Being a larger 4cyl it does have its RPM limited and also due to that fact it has a chain driven balance shaft that help keep drivetrain from shaking itself loose.

 

But also it doesnt need to spin up to 8K to make power, it come right in with no lag and its flat torque from 2K to 6500rpm.

 

I have driven and owned alot of cars, Saturn Ion Redline, SRT4, SRT8, Nissan 350Z, and tons of american V8s making 500hp and the SRT4 has been the most fun on a budget.

 

It still gets 31mpg on gas and 25mpg on E85 at the current performance tunes, much better than my friend WRX at lower power levels.

 

Again though, the SRT4 block has 4 bolt main girdles and super high nickle blocks, its a beast in disguise.


63 NL320 4x4= 5SPD,PDB,PTS..... 87.51% Completed as of 3/12/2018.

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I need NL320 Doors or complete L320 Doors to use, will barter value :)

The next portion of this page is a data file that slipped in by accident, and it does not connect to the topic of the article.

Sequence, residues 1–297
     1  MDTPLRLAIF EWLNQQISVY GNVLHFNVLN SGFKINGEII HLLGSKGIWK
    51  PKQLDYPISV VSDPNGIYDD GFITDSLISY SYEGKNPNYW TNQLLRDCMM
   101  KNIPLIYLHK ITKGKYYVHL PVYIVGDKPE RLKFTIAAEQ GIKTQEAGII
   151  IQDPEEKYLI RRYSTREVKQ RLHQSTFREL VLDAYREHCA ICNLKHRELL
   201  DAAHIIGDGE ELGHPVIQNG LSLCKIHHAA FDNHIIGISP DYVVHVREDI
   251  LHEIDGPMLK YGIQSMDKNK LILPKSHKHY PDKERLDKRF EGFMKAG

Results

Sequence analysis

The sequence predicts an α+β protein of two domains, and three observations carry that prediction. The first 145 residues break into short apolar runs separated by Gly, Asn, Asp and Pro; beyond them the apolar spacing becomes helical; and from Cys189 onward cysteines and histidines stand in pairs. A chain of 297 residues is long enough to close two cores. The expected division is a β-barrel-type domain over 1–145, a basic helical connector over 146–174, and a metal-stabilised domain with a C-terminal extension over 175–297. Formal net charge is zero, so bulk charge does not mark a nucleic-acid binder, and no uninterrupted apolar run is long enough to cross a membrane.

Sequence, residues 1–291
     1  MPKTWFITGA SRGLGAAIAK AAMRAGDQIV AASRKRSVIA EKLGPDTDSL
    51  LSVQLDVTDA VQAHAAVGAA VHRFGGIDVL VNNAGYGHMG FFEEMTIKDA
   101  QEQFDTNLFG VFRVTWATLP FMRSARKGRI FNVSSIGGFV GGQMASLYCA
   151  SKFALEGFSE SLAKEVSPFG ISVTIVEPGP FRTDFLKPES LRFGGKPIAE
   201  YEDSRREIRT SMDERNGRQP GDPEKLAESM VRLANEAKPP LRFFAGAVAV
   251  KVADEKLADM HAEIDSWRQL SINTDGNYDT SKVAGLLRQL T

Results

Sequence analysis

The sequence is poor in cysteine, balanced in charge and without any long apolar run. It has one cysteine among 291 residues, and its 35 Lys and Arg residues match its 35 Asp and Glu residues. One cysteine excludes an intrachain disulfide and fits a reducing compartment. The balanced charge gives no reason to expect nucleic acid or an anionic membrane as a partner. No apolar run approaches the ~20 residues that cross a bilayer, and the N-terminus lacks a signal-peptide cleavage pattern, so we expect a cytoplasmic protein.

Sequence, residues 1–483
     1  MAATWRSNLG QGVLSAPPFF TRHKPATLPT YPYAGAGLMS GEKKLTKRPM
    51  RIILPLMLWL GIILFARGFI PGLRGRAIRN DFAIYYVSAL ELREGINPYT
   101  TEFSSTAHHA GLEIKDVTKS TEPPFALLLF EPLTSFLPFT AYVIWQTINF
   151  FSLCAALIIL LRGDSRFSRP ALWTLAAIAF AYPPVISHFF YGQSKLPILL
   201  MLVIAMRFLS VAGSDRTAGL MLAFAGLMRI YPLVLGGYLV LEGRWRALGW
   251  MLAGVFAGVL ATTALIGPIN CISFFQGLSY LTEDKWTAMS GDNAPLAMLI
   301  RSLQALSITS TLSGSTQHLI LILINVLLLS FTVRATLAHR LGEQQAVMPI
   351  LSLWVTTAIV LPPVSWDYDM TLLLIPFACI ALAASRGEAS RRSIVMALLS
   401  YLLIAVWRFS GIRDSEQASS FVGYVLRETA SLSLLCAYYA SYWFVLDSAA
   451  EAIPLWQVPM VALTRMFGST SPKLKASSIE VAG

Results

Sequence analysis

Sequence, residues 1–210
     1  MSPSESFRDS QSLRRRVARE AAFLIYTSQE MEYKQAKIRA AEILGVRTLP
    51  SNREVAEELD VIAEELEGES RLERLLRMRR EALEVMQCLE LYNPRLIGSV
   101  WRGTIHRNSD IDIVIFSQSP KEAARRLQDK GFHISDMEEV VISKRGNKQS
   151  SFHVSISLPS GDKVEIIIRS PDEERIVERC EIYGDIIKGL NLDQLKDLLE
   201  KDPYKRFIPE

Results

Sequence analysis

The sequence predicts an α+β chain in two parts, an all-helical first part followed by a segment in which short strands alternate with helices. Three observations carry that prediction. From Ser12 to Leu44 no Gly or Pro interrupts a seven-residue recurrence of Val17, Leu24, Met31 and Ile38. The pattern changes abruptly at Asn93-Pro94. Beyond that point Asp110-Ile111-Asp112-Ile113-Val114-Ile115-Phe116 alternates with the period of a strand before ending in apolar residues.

#20 nl320what

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Posted 07 May 2018 - 08:19 AM

To stay on topic, E100 is a sustainable fuel that could be made at home cheap and legally with corn mash, fabbed up still, and a propane/nat gas deep fryer setup.

 

Its much easier than BioDiesel which requires more equipment, starting oil, precise mixtures, methane, lye, and heat.  You do end up with a biofuel and glycerin byproduct for homeade soaps.


63 NL320 4x4= 5SPD,PDB,PTS..... 87.51% Completed as of 3/12/2018.

Mobile Mechanic Webpage: http://actfast1234.wix.com/itsmycar

I need NL320 Doors or complete L320 Doors to use, will barter value :)